Macaws (New World parrots)

General Information:

Macaws is the common name of about 18 species of the parrot family. Their scientific family name is ‘Psittacidae’ and they are classified in the genera Ara, Anodorhynchus, Cyanopsitta, Primolius, Orthopsittaca, and Diopsittaca. Macaws are recognized for their colorful plumage. These brightly colored long-tailed birds with a size from 11.8 to 39.5 inches, a weight up to 3.75 pounds and an average life span of about 60 years are some of the most spectacular parrots in the world and can be found in the tropical rainforests of Central and South America. Their plumage is perfectly suited to live in this habitat of green canopies, colorful flowers and fruits. The probably best-known New World parrot is the scarlet macaw (Ara macao) with its brilliant red, yellow, and blue plumage contrasts with a bare white face that may blush when the bird is excited. Its powerful beak can easily crack nuts and seeds and their scaly tongue with a bone inside is perfect for tapping into fruits. Moreover, their gripping claws are a helpful tool to latch onto branches and to grab, hold, and examine items. Besides their claws their breaks serve as a third foot as it helps climbing up trees to search for seeds, fruits and leaves. Macaws are intelligent, social birds that often gather in flocks of 10 to 30 individuals, most often seen flying to and from roosting and feeding sites in pairs, family groups, or flocks. Their metallic, loud screeches can be heard through the forest. It is known that macaws vocalize to communicate within the flock, mark territory, and identify one another. There are some species that can even mimic human speech. Macaws typically mate for life. With their mate they not only breed but also share food and enjoy mutual grooming. In breeding season, mothers incubate eggs while fathers hunt and bring food back to the nest. A pair will lay at most a couple of eggs each season in ready made cavities in trees. The young have adult plumage and will fledge the nest within approximately 105 days of hatching.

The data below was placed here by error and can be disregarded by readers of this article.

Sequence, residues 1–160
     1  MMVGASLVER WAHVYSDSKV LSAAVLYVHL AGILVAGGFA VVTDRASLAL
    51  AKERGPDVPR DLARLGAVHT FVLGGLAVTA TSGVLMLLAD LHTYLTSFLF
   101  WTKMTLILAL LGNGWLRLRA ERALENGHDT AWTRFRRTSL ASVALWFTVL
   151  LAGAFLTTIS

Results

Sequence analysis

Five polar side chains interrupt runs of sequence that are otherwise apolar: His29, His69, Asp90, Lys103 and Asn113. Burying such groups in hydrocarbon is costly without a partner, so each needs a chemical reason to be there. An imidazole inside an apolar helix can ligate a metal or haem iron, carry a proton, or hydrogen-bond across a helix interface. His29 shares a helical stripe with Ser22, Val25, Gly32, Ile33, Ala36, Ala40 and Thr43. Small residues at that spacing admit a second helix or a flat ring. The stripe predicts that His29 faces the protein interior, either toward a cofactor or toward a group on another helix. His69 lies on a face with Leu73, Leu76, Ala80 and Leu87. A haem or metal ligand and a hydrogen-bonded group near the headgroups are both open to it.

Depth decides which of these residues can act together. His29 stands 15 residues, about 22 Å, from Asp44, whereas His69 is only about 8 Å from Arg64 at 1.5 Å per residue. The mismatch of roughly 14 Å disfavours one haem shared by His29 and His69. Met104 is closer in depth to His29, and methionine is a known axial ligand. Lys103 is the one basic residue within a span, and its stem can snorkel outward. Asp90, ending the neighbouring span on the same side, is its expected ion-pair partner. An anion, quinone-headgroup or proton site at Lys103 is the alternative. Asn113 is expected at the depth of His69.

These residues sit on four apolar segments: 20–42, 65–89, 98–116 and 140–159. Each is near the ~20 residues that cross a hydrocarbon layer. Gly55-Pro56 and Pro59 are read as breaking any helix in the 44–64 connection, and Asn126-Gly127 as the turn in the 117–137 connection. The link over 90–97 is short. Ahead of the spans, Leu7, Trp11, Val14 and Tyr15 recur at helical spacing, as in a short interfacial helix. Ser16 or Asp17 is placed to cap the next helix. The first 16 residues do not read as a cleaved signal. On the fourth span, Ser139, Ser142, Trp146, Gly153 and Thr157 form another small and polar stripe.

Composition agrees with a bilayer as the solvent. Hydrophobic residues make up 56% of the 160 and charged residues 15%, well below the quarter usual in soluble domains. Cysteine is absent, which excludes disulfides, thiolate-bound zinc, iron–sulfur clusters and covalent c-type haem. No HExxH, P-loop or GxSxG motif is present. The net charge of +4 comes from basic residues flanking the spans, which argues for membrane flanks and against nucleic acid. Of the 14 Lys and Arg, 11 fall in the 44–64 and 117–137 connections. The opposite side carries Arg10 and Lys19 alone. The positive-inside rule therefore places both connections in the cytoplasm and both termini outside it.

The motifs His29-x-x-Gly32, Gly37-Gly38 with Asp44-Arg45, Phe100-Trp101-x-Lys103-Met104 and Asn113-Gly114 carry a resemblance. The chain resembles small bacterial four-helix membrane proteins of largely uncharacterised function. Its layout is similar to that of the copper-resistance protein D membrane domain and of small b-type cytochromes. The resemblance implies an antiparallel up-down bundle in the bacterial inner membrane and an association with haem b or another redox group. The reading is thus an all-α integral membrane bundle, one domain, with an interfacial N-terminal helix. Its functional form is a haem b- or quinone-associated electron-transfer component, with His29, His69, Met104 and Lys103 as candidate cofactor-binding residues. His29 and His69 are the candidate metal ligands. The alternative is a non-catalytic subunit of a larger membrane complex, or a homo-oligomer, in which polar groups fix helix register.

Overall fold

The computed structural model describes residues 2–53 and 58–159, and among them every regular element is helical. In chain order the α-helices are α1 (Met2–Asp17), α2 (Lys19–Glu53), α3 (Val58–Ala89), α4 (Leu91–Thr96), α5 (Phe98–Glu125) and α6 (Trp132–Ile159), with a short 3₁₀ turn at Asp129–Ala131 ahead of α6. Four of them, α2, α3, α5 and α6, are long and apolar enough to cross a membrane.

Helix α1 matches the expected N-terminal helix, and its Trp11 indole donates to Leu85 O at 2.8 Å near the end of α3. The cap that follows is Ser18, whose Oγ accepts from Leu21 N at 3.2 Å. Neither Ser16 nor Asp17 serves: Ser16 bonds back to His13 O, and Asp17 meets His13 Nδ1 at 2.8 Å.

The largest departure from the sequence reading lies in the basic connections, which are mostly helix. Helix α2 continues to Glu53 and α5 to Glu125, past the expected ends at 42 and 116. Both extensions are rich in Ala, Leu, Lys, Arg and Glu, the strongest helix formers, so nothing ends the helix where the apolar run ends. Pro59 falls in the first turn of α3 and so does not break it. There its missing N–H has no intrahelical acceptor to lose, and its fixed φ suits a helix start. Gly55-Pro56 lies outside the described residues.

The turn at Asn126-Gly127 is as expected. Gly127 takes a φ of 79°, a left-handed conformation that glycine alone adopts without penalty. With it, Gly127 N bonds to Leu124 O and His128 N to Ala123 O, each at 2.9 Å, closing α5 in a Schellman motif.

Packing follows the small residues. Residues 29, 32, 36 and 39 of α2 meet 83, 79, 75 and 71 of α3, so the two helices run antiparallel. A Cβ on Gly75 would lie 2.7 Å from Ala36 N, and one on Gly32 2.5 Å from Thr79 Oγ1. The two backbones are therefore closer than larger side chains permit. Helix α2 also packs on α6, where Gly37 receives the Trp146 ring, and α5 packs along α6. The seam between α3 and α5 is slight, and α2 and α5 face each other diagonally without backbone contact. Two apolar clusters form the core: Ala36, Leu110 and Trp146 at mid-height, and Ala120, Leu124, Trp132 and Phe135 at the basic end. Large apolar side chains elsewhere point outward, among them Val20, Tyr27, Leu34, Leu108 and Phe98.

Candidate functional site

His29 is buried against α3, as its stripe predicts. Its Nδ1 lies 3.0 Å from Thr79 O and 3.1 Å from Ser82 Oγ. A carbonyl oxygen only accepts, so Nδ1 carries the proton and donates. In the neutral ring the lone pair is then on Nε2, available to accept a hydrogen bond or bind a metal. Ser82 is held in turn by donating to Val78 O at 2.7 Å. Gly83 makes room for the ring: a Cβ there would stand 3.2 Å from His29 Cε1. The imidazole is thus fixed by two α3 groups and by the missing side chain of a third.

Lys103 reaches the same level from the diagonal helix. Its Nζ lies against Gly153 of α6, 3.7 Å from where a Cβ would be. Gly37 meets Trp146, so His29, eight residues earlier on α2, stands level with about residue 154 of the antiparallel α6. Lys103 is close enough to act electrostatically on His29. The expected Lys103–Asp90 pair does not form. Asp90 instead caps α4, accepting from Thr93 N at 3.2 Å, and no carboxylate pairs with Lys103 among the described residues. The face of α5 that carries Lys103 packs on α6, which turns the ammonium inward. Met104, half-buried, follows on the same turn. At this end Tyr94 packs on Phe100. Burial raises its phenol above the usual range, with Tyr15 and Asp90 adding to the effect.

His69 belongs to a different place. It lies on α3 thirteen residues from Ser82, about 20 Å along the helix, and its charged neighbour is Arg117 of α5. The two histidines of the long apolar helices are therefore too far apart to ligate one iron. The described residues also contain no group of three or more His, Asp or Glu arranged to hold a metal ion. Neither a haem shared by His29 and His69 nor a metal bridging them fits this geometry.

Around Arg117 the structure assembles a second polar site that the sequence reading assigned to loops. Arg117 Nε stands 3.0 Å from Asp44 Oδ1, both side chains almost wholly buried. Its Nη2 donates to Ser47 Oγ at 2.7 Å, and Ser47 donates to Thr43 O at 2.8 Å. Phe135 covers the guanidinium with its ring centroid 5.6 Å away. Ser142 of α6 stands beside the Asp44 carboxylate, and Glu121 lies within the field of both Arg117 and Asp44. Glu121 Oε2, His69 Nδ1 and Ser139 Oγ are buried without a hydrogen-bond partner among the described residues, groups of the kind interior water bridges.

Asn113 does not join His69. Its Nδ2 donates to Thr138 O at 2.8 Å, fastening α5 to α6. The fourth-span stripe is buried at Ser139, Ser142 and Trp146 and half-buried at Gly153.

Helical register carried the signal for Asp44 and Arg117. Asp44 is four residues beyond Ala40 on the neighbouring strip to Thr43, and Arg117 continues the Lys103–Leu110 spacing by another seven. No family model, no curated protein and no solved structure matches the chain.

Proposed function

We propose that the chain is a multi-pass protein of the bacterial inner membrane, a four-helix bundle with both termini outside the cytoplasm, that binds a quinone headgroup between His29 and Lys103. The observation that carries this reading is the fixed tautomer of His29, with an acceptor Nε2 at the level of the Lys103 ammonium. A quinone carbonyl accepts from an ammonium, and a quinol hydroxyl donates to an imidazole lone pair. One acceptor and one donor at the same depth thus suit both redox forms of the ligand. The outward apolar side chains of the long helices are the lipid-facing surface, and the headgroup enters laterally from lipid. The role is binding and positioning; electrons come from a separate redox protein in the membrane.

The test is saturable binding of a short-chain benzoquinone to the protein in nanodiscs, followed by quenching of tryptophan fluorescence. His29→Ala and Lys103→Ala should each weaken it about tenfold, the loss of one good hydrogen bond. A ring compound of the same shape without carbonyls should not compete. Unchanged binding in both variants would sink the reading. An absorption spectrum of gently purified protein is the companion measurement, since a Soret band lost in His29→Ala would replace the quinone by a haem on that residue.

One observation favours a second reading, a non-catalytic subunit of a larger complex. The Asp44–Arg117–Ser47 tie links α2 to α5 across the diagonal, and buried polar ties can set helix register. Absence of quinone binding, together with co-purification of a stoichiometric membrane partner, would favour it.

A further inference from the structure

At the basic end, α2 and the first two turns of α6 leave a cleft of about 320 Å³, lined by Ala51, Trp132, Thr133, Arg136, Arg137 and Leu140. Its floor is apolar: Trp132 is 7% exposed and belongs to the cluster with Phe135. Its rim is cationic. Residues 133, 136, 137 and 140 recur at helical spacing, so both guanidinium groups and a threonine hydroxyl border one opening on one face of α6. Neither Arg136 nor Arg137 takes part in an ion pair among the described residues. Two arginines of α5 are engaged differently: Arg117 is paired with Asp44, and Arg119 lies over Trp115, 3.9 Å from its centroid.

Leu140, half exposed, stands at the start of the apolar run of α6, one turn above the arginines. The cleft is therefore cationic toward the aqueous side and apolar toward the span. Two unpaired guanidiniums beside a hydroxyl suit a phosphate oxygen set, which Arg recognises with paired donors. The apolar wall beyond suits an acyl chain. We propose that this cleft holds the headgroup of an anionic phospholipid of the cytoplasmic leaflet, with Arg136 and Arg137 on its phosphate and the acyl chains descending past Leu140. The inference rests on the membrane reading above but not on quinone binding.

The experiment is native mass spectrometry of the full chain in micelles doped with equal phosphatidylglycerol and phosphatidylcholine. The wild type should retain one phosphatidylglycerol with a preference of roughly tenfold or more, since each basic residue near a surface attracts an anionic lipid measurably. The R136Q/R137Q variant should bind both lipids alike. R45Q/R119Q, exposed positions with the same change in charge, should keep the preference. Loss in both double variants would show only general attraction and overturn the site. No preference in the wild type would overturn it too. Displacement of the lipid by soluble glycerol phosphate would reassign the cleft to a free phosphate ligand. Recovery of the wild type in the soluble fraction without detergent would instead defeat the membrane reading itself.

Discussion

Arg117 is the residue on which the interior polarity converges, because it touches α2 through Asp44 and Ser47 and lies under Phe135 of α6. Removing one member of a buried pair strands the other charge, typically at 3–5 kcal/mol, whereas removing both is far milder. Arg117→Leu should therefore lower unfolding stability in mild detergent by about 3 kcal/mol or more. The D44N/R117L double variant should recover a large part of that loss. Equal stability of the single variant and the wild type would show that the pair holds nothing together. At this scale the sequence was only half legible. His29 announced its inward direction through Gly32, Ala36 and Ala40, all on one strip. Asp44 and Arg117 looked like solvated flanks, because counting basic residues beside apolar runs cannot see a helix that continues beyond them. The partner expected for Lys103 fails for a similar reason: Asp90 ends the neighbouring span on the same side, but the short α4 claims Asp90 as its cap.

Macaws in Costa Rica

Of the about 18 species only the Scarlet (Ara macao cyanoptera) and the Green Macaw (Ara ambiguous) can be found in Costa Rica and are known here as Lapas. While the Scarlet Macaw is commonly found on the Pacific coast the Great Green Macaw prefers the Caribbean. The Scarlet Macaw is more commonly found in lowland humid forest, deciduous forest and tropical evergreen forest areas on the Pacific coast. They are often seen in pairs, groups of 3-4 and occasional larger flocks of up to 30. With a more varied diet than the Great Green Macaw they can feed from various palms as well as fruits, nuts, seeds, flowers and small invertebrates. Scarlet Macaws are also known to eat clay as it allows them to digest unripe and poisonous fruits that could otherwise
be fatal.

The Green Macaw is found exclusively on the Caribbean slopes preferring lowland humid forest and deciduous forest areas reaching up to an elevation of 600m (approx 2000ft.). Not as social as the Scarlet Macaw, they are often seen in pairs and in groups of 3-4. Almost all of their diet is from the almond trees, but they will reluctantly feed on other trees if needed.

The largest flock of wild Green Macaws are found in Sarapiqui and there is a small population of released Macaws in Manzanillo aided by the Ara Project.

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